An author and former Stratford Festival director is bringing his latest book, Grin Reaping, to Stratford’s Fanfare Books for a reading and book-signing event later this month.
Inspired by the works of famously reclusive author J.D. Salinger and his tales of the fictional Glass family, Rod Carley’s newest book is a collection of short stories about another fictional family, the Boyles.
“(Salinger) had one older sister and he filled that (familial) gap in by creating a fictional family. Likewise, I had one younger brother and I’d always wanted to have a larger family, and especially sisters,” Carley said. “So the stories (in Grin Reaping) came out of wanting to expand my own sense of family but also, in creating this character, Rudy Boyle, I wanted to find a figure through which I could inject my observational humour on the world as both a creature and a critic of the human predicament.”
In this series of 14 interconnected short stories and musings, Rudy Boyle, a northern Ontario English teacher stuck both in middle age and in the middle of his five siblings, transforms the strangeness of his everyday life into exaggerated home-movie prose. From the significance of tuna fish to the threat of aliens to big-ticket items like mortality, gender, climate change and Armageddon, Rudy tackles a range of topics with a wry, self-deprecating wit.
As he shares such snippets, Rudy exaggerates mundane situations into comic celebrations of the life of the mind, never letting the truth get in the way of a great story. His reminiscences deal not only with the absurdities of human nature but also encompass the grief of losing family.
“I write humour as a tonic, I think. People need a laugh and we inject humour into our daily lives all the time because it makes being on the planet easier and it prevents us from jumping off buildings,” Carley said. “The title, Grin Reaping, over the course of writing the book I lost my parents and a few friends, so then that sense of loss and the grieving we go through became the foundation of the book and how we laugh when there’s really nothing else we can do.”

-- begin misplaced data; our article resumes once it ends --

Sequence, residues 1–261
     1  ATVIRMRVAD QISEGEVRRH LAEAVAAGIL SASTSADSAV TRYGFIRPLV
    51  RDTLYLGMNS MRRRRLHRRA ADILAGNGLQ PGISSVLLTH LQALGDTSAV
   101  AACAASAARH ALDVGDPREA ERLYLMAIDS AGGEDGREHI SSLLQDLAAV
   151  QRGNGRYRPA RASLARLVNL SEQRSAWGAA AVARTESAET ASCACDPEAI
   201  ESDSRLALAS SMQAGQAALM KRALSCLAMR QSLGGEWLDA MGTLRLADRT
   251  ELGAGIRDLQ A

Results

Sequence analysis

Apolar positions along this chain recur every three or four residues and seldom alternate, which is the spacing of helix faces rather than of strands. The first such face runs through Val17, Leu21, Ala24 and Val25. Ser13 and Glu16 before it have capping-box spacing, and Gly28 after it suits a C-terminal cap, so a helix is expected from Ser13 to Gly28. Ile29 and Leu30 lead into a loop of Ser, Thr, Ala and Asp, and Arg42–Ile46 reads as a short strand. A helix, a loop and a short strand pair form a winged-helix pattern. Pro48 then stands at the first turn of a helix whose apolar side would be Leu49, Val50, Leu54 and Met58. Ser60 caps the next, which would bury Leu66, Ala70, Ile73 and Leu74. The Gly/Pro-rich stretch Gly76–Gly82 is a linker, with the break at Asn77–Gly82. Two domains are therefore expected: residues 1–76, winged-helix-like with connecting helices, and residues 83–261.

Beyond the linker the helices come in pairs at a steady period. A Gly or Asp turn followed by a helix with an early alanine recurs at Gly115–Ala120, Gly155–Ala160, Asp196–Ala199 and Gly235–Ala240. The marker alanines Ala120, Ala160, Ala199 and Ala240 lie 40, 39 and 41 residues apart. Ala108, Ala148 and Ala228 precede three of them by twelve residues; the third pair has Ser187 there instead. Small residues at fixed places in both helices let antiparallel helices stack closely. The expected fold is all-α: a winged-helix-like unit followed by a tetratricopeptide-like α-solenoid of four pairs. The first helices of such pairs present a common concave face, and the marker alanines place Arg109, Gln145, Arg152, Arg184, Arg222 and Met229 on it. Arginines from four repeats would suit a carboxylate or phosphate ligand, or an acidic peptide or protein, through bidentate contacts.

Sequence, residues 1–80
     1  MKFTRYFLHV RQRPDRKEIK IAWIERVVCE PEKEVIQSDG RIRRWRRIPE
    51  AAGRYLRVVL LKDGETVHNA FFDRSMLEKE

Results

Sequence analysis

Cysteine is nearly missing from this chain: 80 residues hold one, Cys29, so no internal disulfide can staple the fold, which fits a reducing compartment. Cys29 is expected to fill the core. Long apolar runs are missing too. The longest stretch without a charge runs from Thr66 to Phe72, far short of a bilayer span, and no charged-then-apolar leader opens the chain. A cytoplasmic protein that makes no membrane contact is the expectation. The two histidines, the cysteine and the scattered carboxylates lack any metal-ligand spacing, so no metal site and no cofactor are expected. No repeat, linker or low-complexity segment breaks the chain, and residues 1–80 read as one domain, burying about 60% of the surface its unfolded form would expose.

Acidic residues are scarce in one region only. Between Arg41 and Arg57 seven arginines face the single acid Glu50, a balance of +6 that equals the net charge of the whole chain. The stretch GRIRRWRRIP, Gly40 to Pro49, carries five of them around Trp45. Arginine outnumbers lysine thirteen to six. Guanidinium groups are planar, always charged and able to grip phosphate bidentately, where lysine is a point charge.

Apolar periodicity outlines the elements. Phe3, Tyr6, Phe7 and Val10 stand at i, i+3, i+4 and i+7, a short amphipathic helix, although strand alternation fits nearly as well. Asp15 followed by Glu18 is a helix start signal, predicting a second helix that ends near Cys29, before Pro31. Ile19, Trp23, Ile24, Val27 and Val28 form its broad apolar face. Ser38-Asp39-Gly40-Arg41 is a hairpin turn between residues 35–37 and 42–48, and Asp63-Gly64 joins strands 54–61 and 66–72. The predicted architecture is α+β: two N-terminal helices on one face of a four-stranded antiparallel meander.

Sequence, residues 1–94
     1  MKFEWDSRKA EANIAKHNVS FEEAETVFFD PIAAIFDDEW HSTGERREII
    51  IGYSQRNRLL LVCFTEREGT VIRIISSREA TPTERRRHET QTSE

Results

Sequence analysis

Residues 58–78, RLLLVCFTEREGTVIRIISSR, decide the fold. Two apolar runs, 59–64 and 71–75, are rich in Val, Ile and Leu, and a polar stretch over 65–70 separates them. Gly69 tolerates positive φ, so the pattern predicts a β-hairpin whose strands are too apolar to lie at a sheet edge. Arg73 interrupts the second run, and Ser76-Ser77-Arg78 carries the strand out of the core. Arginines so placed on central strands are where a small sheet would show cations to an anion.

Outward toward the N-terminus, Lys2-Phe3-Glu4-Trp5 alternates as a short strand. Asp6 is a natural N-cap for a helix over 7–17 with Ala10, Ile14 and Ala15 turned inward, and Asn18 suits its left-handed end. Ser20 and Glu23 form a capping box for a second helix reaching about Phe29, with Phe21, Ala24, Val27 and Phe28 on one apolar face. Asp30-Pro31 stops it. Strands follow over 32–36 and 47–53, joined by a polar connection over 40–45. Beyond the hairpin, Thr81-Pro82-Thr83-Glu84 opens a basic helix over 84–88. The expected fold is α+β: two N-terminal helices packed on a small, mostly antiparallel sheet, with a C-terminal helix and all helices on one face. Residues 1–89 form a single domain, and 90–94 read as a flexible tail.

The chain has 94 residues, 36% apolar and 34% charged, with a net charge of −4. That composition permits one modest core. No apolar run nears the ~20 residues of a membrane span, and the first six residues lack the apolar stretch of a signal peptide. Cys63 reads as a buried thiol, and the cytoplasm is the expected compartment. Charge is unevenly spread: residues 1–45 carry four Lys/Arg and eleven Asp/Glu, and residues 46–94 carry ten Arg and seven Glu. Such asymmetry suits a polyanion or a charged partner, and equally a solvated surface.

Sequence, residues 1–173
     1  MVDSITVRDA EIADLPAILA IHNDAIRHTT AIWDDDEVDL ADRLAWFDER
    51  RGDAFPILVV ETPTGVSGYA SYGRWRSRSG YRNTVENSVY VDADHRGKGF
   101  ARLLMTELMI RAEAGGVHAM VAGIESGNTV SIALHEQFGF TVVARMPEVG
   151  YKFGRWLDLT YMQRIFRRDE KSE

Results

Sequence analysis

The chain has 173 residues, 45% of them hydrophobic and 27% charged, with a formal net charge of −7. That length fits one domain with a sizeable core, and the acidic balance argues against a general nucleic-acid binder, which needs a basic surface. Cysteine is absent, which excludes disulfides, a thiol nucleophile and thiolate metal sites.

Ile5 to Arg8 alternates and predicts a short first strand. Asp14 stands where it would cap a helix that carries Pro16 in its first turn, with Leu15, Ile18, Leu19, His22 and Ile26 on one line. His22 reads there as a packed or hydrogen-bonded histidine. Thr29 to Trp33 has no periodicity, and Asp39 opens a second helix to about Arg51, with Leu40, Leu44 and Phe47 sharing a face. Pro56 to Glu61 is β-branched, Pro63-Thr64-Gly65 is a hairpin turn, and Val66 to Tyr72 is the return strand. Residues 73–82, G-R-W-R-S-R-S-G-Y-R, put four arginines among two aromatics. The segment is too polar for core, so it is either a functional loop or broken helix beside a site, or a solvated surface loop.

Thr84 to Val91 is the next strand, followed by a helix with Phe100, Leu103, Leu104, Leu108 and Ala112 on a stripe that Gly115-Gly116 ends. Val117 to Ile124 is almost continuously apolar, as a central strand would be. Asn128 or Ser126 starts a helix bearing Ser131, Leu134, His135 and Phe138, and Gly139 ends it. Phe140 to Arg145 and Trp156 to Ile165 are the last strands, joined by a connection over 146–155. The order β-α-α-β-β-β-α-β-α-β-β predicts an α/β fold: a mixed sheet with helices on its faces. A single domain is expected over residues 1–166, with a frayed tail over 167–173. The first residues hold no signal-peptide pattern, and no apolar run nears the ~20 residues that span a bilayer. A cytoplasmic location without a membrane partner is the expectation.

Carley also said his time in theatre had a tremendous impact on his writing, helping flavour his subject matter while informing how he writes and develops his characters. He also reads his work out loud as he’s writing to hear how it sounds when spoken, adding to that sense of the theatrical.
“There’s a similarity between writing fiction and directing theatre or as an actor. You’ve got a central character who you throw every possible obstacle at them, and then they have to somehow overcome these obstacles to achieve an objective, and then over the course of a play or a book, you get to see if they’re successful or not. So those elements are similar. Also, I’m a very dialogue-based writer, and a lot of that came out of my work in the theatre,” Carley said.
Carley worked for the Stratford Festival as a resident assistant director in the early 1990s under then-artistic director David William. He became the first recipient of the Festival’s Jean Gascon Director’s Award and was awarded three Tyron Guthrie Awards during his tenure with the Stratford company. Carley went on to direct numerous Shakespearean productions across the province and, in 2009, was a winner of TVO’s Big Ideas/Best Lecturer competition for his lecture, Adapting Shakespeare Within a Modern Canadian Context.
Currently living in North Bay, Carley began writing humorous fiction about 10 years ago. His first book, A Matter of Will, was a finalist for the Northern Lit Award for Fiction while his second book, KINMOUNT, won the silver medal for Best Regional Fiction from the 2021 Independent Publisher’s Book Awards and was one of 10 books longlisted for the 2021 Leacock Medal for Humour.
“My second book, KINMOUNT, is all about a down-and-out classical stage director named Dave Middleton who reluctantly takes a job directing Romeo and Juliet in Kinmount, in this rural farm community, and everything that can go wrong does,” Carley said. “He finds himself this reluctant emissary of truth in a battle of artistic integrity and censorship. So that book came out a lot of my experiences directing Shakespeare over my career.
Carley will be reading from and signing copies of Grin Reaping from 1 p.m to 3 p.m. at Fanfare Books in Stratford on Saturday, Aug. 27. Along with his latest book, copies of KINMOUNT will also be available for purchase during the event.